I did a little research about Thomas Morton but didn’t get much by way of his academic background but got interesting facts like his sobriquet, Baby Balls; because he happens to be a vertically challenged man who lives on the edge and challenges the status quo of investigative journalism. He did a report on pollution of the sea and his video report was noted to be laden with so many expletives that his point couldn’t be carried across to the intended student audience. I’ll only say that he’s an interesting fellow with a background in investigating sex, drugs and rock music. Please check for yourself if you care.
Thomas has used unrelated imagery to make his point.
It is interesting to see Thomas dancing with a fetish priest in a possible sakawa ritual? Is that the evidence he has as proof of an underground economy rife with mysticism and sacrifices and blood rituals? I can offer without being there that what he partook of is a mini-durbar or some other traditional occasion. I can assure him that the priests who work in this cyber-juju industry have a cruel air to them and don’t dance for public viewing and no, they don’t dance with white men because they’re undertaking some research.
It is sad that Thomas will misrepresent a traditional cultural event as a blood ritual for sakawa purposes. This is a betrayal of the trust of the elders who gave him the opportunity to experience first hand the rich cultural practices and heritage in Ghana. You can’t expect better from someone who wanted to get his video out anyhow, with cooked up evidence or not.
I can see an internet cafe from a thousand miles and that picture of a man clicking away at a pc is not one of an internet cafe; it is someone’s office. Internet cafes are crammed places whether in Ghana or in the States. What has a birds-eye view of a sprawling slum, refuse dump and a trotro station somewhere in Accra got to do with anything, if not to create in the minds of his audience a bleak economic situation that in his assertion can and is leading Ghanaian youth to take up Sakawa full-time.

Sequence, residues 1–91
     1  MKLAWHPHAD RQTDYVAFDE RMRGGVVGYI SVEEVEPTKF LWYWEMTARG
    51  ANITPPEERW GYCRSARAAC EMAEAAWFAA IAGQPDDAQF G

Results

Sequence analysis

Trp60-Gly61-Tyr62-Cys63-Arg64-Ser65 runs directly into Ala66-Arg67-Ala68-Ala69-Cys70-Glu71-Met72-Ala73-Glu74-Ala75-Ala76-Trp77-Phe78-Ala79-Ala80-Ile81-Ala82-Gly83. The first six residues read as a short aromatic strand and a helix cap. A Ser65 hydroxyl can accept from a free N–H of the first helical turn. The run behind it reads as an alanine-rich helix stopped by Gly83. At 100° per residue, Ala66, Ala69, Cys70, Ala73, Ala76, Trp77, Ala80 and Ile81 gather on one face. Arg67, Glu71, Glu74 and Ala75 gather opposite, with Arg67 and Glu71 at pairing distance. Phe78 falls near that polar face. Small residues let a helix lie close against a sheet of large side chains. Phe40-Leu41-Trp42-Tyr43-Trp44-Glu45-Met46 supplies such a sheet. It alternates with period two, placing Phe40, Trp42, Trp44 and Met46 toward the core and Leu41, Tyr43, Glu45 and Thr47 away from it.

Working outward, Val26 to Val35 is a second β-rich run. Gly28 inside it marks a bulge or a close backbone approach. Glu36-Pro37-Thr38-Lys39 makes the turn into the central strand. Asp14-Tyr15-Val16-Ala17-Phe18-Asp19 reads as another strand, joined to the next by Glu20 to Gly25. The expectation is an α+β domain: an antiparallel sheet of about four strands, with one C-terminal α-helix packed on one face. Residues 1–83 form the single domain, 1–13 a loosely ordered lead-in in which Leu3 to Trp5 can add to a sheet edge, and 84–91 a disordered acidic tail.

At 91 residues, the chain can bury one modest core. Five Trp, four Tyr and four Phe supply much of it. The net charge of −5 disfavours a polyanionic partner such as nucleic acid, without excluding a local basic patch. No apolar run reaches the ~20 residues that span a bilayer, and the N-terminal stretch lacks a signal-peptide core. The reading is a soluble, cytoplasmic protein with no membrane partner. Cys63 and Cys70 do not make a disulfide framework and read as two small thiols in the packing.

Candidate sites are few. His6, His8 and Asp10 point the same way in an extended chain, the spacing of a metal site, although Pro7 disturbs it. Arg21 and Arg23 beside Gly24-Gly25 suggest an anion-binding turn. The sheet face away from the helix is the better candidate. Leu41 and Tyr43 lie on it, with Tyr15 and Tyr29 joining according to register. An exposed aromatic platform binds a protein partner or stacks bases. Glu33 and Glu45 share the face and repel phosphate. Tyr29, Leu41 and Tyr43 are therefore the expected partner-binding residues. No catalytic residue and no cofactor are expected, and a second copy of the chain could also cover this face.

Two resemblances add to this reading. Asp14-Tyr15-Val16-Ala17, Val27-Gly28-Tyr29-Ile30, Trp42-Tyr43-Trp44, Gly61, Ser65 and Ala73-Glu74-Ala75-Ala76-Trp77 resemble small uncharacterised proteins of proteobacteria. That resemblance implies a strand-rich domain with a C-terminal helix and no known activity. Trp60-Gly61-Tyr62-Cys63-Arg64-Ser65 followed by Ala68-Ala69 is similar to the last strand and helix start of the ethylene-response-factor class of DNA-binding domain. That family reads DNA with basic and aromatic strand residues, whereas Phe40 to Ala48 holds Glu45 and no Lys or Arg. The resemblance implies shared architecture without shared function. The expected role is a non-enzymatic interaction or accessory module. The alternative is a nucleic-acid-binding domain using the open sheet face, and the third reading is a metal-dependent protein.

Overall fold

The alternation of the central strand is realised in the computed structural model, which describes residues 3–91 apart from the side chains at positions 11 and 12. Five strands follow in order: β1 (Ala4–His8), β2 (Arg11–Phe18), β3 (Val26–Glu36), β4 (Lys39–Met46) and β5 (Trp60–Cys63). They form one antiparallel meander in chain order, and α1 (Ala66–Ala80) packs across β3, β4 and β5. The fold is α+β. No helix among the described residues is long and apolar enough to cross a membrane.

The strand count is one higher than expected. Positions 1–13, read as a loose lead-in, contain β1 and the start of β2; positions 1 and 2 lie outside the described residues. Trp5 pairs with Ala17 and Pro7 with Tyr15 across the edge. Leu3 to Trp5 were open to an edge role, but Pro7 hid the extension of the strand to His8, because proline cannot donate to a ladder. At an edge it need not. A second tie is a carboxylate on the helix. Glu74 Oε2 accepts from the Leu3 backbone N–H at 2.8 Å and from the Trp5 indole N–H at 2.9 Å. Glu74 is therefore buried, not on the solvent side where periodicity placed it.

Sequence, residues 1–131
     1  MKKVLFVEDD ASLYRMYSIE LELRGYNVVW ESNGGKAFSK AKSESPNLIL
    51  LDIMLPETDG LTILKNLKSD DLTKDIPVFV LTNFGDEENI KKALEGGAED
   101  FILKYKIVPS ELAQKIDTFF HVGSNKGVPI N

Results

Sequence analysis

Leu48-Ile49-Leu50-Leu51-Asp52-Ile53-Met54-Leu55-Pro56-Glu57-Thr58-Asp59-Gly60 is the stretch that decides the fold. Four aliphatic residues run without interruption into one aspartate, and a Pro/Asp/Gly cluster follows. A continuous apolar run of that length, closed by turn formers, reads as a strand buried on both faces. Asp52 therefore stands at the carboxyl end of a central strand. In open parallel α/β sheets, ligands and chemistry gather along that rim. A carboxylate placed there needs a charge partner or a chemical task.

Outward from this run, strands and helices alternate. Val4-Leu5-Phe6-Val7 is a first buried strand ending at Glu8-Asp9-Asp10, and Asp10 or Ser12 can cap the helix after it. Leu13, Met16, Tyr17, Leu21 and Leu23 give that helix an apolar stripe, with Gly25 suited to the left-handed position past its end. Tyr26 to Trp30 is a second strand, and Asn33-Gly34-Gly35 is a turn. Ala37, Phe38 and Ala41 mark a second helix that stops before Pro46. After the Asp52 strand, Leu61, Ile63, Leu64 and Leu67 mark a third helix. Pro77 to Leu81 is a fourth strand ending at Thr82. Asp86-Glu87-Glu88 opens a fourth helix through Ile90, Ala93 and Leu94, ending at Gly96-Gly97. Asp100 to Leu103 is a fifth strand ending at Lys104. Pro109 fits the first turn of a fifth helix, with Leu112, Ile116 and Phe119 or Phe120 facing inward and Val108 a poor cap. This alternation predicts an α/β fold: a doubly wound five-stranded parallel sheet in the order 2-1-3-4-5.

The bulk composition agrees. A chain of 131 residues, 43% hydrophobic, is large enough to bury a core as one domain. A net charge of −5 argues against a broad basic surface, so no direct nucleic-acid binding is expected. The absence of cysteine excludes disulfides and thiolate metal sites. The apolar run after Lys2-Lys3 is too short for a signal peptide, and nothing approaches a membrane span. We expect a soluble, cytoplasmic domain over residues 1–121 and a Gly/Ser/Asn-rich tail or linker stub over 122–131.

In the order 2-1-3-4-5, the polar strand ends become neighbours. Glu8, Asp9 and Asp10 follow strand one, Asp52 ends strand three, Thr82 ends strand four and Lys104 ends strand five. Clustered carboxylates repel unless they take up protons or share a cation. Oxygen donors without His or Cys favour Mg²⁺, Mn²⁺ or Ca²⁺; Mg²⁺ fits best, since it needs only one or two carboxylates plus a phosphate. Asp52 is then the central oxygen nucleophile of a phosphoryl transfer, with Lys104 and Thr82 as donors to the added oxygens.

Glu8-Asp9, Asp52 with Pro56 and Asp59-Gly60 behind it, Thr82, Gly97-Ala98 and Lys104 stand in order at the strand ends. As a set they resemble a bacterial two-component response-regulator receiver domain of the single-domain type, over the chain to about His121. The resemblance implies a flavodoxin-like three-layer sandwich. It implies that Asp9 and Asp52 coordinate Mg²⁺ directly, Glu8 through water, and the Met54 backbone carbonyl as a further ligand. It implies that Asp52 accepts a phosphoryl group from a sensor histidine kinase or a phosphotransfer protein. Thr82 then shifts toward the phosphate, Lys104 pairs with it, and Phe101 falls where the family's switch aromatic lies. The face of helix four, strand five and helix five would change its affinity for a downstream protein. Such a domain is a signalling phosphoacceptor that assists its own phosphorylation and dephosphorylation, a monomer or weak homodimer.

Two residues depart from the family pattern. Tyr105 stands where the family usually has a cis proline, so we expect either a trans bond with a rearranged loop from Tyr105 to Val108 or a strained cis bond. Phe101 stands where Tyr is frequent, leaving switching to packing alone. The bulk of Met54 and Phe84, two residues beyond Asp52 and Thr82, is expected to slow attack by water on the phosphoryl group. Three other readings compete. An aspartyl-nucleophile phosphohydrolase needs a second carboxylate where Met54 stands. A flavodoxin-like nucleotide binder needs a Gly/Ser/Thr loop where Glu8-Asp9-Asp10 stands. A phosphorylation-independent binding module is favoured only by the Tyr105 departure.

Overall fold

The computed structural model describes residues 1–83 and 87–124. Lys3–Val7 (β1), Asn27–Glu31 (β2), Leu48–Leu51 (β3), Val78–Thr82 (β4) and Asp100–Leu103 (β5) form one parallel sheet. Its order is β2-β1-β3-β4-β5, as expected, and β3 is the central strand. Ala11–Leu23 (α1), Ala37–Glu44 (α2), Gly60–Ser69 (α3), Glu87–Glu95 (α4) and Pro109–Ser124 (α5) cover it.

It is very easy for Thomas to attribute his perceived pervasive sakawa practice among Ghanaian youth to corruption among the elite without providing any evidence. As Graham Knight noted,”distortions, exaggerations and untruths come easy when reporting Africa because they build upon a set of common themes [entrenched in western media] in which certain stereotypes are taken for granted”.
On my behalf and on behalf of other bloggers and Ghanaian youth who feel globally humiliated because of CNN.com editor’s gross neglect of journalistic ethics of due diligence and fair and objective reporting, I request that
1. Mr. Thomas Morton’s report be taken off CNN.com if blogposts condemning his report will not be given same prominence or,
2. Blogposts from Ghana or by Ghanaians condemning Mr. Thomas Morton’s report be allowed to run alongside it and,
3. CNN.com (CNN BackStory team) sponsors a project with the soon to be registered Ghanablogging community to undertake a thorough research into the sakawa phenomenon.
In conclusion I will say that there are more aspiring footballers in Ghana than there will ever be sakawa-money hungry boys because our professional footballers plying their trade in Europe are better role models and have more money. Oh Mr. Morton wouldn’t know that because he is not a fan of football, my bad, soccer!
Preamble to SPJ Code of Ethics: Members of the Society of Professional Journalists believe that public enlightenment is the forerunner of justice and the foundation of democracy. The duty of the journalist is to further those ends by seeking truth and providing a fair and comprehensive account of events and issues. Conscientious journalists from all media and specialties strive to serve the public with thoroughness and honesty. Professional integrity is the cornerstone of a journalist’s credibility. Members of the Society share a dedication to ethical behaviour and adopt this code to declare to Society’s principles and standards of practice.